economic Impact Report by nyut545e2


									Duquesne University
Impact Report
2   e co n o M I c I M Pa c t r e p o r t

      the President
      Our founders and sponsors, the Congregation of the Holy Spirit, teach
      us that our destiny is bound to that of our neighbors. That truth is
      inseparable from our identity as a Catholic institution of higher learning
      and the world’s only Spiritan university.

      For more than 130 years, we have maintained a steadfast commitment
      to education, service and social responsibility. Over our history, this
      University has also been a force for economic growth.

      In this report, we highlight examples of the economic impact Duquesne
      provides currently—more than $432 million in fiscal year 2009. These
      resources are helping to invigorate the immediate neighborhood,
      support the larger community and strengthen the local economy, all of
      which ensure that our city and region will continue to excel and inspire.

      Duquesne University is honored to have this important part in shaping
      Pittsburgh’s economic future, and we are pleased to share this Economic
      Impact Report with you.

      Charles J. Dougherty, Ph.D.

our Role
In the Region’s economic Vitality:
Duquesne University’s impact on the regional economy began in 1878 when our founders
and sponsors, priests and brothers of the order of the Congregation of the Holy Spirit,
established a mission to teach the children of immigrants. Over the years our importance
in the local economy has increased steadily, and today Duquesne plays an essential part
in this region’s economic well-being and future prosperity.

In fiscal year 2009, duquesne university boosted the regional
economy with a total financial impact of more than $432 million.

as an employer…                              as a community partner…
n   We provided jobs for over 2,800          n   We provided assistance to the community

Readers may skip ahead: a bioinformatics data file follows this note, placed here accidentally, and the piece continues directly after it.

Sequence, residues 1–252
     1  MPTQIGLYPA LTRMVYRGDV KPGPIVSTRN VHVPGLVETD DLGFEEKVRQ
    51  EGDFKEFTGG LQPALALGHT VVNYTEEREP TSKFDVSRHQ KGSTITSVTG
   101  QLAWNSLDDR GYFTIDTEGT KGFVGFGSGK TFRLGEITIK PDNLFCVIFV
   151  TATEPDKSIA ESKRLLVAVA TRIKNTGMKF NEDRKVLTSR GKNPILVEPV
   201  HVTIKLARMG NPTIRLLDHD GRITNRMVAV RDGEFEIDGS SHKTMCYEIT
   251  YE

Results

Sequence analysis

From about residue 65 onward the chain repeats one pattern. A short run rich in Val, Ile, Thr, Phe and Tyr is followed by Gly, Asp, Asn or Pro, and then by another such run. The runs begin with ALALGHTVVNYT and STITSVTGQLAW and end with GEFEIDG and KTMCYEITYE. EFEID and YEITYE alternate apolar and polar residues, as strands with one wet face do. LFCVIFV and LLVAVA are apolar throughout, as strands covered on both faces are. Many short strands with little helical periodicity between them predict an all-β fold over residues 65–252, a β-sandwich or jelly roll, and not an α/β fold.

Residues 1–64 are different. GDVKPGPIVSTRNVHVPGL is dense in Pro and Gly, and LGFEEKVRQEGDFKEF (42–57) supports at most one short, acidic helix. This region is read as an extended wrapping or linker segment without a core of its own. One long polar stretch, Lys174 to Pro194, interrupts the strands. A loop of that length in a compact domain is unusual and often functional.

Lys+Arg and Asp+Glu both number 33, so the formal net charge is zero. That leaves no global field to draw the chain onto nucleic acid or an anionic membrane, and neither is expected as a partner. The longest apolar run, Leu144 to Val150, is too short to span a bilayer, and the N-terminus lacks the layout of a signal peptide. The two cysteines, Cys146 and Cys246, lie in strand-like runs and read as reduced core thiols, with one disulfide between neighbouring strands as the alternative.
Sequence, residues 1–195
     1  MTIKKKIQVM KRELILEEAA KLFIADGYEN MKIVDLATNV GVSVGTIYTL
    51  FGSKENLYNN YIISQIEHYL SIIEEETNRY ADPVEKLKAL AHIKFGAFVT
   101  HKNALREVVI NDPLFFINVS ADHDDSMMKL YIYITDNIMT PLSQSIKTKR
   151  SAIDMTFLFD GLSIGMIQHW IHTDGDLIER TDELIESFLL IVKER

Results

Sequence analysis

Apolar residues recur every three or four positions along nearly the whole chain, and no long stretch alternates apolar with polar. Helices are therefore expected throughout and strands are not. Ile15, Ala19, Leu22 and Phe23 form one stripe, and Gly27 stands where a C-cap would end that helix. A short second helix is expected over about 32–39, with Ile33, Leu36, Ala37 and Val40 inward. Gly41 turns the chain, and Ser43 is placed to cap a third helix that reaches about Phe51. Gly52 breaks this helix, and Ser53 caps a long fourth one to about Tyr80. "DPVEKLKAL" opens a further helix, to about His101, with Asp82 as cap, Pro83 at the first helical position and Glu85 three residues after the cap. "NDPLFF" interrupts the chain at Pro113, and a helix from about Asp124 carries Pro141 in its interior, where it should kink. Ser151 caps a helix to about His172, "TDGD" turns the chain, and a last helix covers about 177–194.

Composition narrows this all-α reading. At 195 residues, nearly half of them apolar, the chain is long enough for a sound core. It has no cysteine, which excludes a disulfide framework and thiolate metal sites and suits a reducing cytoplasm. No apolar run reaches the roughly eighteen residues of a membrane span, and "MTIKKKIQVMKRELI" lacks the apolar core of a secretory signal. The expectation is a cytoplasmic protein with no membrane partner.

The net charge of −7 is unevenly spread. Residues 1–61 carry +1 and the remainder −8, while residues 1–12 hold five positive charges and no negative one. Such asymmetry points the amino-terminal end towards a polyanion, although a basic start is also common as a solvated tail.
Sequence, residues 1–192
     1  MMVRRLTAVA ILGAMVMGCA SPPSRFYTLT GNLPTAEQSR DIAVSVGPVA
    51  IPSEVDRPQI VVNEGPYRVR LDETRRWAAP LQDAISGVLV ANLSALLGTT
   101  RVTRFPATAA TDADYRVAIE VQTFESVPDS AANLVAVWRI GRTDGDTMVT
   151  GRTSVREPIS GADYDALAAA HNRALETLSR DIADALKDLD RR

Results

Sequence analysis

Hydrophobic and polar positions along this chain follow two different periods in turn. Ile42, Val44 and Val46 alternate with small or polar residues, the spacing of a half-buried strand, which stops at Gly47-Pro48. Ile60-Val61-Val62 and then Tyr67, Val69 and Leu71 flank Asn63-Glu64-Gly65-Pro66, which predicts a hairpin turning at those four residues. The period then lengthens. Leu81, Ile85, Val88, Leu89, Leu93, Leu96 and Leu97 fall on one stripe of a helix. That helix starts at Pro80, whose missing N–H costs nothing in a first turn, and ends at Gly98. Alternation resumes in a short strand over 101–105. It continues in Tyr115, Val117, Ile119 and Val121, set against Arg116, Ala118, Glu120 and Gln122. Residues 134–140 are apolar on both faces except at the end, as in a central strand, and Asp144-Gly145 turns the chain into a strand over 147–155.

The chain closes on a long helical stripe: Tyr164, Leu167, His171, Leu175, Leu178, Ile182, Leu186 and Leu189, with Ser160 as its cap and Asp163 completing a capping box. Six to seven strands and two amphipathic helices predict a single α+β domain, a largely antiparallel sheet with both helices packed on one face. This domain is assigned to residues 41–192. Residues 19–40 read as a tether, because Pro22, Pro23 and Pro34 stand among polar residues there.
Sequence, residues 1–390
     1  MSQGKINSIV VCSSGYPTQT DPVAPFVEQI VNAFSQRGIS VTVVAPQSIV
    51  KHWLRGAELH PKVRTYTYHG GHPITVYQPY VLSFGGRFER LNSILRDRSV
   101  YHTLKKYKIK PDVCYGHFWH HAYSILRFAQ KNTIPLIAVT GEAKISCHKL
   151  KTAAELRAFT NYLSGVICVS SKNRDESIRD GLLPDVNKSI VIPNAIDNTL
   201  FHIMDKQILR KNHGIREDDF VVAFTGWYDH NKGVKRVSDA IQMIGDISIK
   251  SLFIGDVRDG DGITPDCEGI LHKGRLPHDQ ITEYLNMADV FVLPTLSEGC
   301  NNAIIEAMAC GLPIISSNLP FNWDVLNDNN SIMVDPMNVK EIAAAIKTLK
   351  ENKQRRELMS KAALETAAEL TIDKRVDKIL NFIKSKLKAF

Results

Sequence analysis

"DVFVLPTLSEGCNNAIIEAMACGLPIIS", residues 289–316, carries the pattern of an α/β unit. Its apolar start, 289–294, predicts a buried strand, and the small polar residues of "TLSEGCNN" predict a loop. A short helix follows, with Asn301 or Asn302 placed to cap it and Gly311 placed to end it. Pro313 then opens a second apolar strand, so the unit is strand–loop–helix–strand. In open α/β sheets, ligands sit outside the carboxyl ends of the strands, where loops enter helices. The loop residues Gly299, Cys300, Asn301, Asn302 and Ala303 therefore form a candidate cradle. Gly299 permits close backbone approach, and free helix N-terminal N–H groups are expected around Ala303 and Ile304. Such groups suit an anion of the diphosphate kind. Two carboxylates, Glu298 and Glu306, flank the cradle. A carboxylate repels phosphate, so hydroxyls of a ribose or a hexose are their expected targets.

people—a total payroll of more               that improves quality of life and bolsters
    than $150 million.                           economic vitality.

as a purchaser…
n   We bought nearly $69 million in goods
    and services from local businesses
n   and invested over $18 million in new
    construction and capital improvements.
2   e co n o M I c I M Pa c t r e p o r t

      In fiscal year 2009, Duquesne boosted the           Spending
      regional economy with a total financial
                                                          n   Enrolled over 10,000 students who had
      impact of more than $432 million.                       direct and indirect financial impact in the
                                                              area totaling more than $130 million.
                                                          n   Attracted thousands of visitors to campus
      n   Employed more than 2,800 people in                  whose spending had a total financial impact
          professional, technical and clerical fields,        of more than $5 million in the region.
          making us one of Pittsburgh’s larger
          employers.                                      Service
      n   Increased total payroll to more than            n   Coordinated thousands of hours of volunteer
          $150 million, producing more than                   efforts that have a total estimated dollar value
          $164 million in direct and indirect financial       of over $4 million.
          impact to our region.